Veno-venous ECCO2R systems incorporate a pump rather than relying on patients own systemic blood pressure to generate blood flow through the circuit. The pump uses the principle of centrifugal force created by the rotation of vanes. Flow depends on the rotations per minute (RMP-revolution per minute). The membrane oxygenator is placed downstream to the centrifugal pump. Sweep gas is attached to the membrane lung. 
Novalung is a veno-venous ECCO2R system which incorporates a centrifugal pump able to achieve blood flows of 0.1–7L/min. Mono or dual lumen cannulae are available. Mono cannula are inserted into separate central veins (femoral or internal jugular vein). Dual lumen cannula allow both inflow and outflow, and are commonly placed into the internal jugular vein. Internal diameter 18, 22 and 24 French (Fr) are available. The combination of pump and larger cannula allows higher blood flow (0.1–7L/min). An integrated heat exchanger allows active temperature control. 
ALung (Hemolung)
The ALung has an integral centrifugal pump pushing blood through the circuit (see Figure 2). Access is via a dual lumen cannula (size 15.5Fr), inserted into the internal jugular or femoral vein. The small internal diameter of the cannula limits flow to 330–500ml/min. The control panel allows real-time observation of blood flow and rate of CO2 removal. 
Fig. 2: ALung oxygenator with integral centrifugal pump.
Practical considerations
Initiation and termination of ECCO2R
ECCO2R offers temporary respiratory support in reversible hypercapnic respiratory failure while providing complete or partial rest for the native lung. Reversibility of the underlying pathology must be assessed prior to initiation of ECCO2R. Destination device therapy is not available in respiratory failure thus extracorporeal support may be used to bridge the patient to recovery or transplantation. 
When there is no hope of lung recovery, discontinuation of extracorporeal respiratory support should be considered. Withdrawing support of an alert and conversant patient who is dependent on ECCO2R and has irreversible lung condition may raise ethical concerns. End of life decisions should involve the patient, their family and the multidisciplinary team.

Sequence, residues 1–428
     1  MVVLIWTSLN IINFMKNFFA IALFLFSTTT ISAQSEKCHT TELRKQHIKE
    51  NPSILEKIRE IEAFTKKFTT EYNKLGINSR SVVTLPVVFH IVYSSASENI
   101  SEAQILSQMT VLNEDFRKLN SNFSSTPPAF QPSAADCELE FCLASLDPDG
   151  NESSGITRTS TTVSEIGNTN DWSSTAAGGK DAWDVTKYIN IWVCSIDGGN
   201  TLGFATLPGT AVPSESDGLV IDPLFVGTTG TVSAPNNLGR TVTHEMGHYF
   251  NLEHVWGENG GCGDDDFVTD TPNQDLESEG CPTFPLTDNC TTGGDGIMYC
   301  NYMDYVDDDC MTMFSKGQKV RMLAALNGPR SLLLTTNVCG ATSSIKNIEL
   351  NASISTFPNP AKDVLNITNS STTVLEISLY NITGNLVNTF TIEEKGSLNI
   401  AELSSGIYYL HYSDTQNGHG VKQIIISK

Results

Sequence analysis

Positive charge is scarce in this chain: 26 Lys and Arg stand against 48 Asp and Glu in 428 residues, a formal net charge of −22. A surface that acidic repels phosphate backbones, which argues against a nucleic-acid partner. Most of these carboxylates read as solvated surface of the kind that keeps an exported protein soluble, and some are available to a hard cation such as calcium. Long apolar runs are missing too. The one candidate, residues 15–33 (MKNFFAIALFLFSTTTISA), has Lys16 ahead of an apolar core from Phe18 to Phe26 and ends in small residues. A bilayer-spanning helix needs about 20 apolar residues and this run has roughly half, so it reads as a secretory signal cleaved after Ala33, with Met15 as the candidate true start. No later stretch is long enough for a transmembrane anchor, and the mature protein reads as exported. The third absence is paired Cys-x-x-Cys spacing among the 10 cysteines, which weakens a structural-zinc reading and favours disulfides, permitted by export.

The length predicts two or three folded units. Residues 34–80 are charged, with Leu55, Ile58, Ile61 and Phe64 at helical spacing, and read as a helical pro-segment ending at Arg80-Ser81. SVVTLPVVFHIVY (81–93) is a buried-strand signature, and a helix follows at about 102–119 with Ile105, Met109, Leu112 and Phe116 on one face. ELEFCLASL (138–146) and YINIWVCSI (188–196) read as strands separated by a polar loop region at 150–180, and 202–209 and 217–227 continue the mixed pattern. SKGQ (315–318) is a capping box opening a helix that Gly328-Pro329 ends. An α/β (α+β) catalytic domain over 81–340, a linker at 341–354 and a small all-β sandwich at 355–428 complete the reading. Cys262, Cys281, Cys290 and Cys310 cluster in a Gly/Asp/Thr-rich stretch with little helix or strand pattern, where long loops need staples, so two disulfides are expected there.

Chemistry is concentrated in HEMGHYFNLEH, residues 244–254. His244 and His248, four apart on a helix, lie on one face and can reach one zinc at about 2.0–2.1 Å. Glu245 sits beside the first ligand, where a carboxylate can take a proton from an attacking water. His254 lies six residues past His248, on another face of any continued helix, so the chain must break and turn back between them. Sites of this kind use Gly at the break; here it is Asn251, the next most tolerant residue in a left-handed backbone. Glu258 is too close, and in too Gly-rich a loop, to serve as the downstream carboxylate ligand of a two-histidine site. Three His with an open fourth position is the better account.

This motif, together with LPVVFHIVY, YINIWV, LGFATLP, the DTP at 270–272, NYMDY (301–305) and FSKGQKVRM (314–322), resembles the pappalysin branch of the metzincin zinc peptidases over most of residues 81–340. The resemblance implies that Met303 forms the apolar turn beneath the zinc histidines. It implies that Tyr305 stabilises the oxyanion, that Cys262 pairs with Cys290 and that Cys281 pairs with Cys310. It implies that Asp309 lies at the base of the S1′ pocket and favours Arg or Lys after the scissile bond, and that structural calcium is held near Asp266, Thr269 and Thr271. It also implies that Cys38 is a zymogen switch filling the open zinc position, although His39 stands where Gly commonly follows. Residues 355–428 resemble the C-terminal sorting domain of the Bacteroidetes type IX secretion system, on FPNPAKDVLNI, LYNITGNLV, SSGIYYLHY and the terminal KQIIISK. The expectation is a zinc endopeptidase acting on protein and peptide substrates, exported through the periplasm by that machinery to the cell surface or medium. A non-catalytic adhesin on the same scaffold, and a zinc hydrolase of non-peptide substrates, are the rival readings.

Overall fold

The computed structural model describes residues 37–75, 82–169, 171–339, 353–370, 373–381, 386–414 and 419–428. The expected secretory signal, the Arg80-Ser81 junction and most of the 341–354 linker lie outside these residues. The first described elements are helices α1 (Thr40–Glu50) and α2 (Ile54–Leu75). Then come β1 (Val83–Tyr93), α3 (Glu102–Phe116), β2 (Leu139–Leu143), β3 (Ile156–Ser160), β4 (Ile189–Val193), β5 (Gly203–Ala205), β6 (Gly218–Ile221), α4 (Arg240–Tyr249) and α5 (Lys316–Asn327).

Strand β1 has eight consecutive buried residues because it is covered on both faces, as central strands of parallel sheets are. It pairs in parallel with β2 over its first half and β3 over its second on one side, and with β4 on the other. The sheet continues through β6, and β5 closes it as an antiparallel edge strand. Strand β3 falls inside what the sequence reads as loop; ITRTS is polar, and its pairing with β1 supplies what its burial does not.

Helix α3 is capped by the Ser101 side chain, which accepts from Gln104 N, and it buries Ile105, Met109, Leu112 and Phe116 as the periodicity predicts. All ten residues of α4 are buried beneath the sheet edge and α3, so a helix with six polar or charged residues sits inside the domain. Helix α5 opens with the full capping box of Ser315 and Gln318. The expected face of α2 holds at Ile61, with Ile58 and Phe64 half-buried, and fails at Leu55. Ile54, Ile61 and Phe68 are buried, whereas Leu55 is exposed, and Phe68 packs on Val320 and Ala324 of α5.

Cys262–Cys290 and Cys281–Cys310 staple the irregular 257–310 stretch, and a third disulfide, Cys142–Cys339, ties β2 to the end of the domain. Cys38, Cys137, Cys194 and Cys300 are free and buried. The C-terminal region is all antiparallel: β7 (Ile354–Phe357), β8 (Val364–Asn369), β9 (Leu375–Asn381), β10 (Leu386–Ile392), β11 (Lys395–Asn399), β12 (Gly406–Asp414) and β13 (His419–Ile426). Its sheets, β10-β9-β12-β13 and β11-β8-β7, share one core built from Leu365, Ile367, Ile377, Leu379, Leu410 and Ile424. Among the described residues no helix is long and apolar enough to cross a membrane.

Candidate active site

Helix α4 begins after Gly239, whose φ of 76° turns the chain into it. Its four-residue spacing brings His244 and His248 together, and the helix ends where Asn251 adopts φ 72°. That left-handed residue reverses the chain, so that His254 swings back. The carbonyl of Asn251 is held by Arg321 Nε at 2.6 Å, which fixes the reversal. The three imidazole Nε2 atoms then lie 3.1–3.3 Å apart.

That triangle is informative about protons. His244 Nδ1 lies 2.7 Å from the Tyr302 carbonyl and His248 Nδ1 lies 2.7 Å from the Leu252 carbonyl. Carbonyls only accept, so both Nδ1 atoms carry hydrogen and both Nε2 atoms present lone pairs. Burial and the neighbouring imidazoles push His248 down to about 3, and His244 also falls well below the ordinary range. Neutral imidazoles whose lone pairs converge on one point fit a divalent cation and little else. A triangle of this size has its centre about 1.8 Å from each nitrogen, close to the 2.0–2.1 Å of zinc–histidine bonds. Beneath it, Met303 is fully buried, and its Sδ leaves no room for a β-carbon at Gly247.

Patient management
Bedside care includes monitoring and hourly recording of gas flow and blood flow across the membrane. Gas flows are titrated to ensure adequate CO2 removal. Low blood flow through the circuit will increase the risk of clots developing. Low flows may be caused by kinking of the tubing which is reduced by repositioning of the patient or the tubing.
The entire circuit, including the oxygenator, should be regularly checked for visible clots. If clots are noticed in the return arm the risk of them entering the patient necessitates a change of circuit.
Cannula sites are checked regularly for bleeding, to ensure fixation of cannula and detect early signs of infection. If femoral vessels are cannulated distal limb observations including pedal pulses are documented hourly.
Use of dual lumen cannula decreases the risks associated with immobility by allowing rehabilitation of the patient, including mobilising during ECCO2R support.
Initiation of ECCO2 removal is not without risk. Available literature is limited, highlighting the need to assess safety.
Circuit-related complications
Blood clot formation is induced by foreign surface–blood interaction. Thrombi can be formed in any part of the ECCO2R circuit. Appropriate anticoagulation and heparin-coated surfaces reduce the risk. 
There are no cases of air embolism reported in literature with ECCO2R. However, awareness is essential as accidental opening of the negative pressure side may lead to air entering the circuit.
Pump malfunction is a risk and backup circuits should be available and staff trained in emergency change of circuit.
Patient-related complications
Despite lower anticoagulation requirements, haemorrhage is the most common complication reported in patients supported on ECCO2R and can be explained by several mechanisms:
– Vascular damage: use of ultrasound guidance for percutaneous cannulation can reduce vascular complications
– Anticoagulation: systemic heparin is commonly used to avoid clot formation. Gastrointestinal and respiratory tract bleeding are reported in literature. One patient had severe retroperitoneal haemorrhage following removal of ECCO2R cannula. 
In the case of AV-ECCO2R limb ischaemia is well-recognised. To reduce the risk, the arterial lumen should be 1.5 times the size of the arterial cannula used. Ischaemia necessitating limb amputation was reported in three cases in the literature. When arterial cannulation is performed, vessel wall damage can cause severe haemorrhage. Difficulty controlling bleeding may result in compartment syndrome.4,5
Acute respiratory distress syndrome (ARDS)
ARDS continues to carry the risk of high mortality and long-term morbidity.
LDLV is a well-established strategy to reduce VILI. Lowering minute volume may effect ventilation inducing severe respiratory acidosis.
A recently published review article identified two randomised controlled trials (RCT) aiming to explore the survival benefit of ECCO2R in ARDS. Several positive effects have been identified: ECCO2R device was found to facilitate reduction in mechanical ventilation. Intervention groups also had less sedation requirements.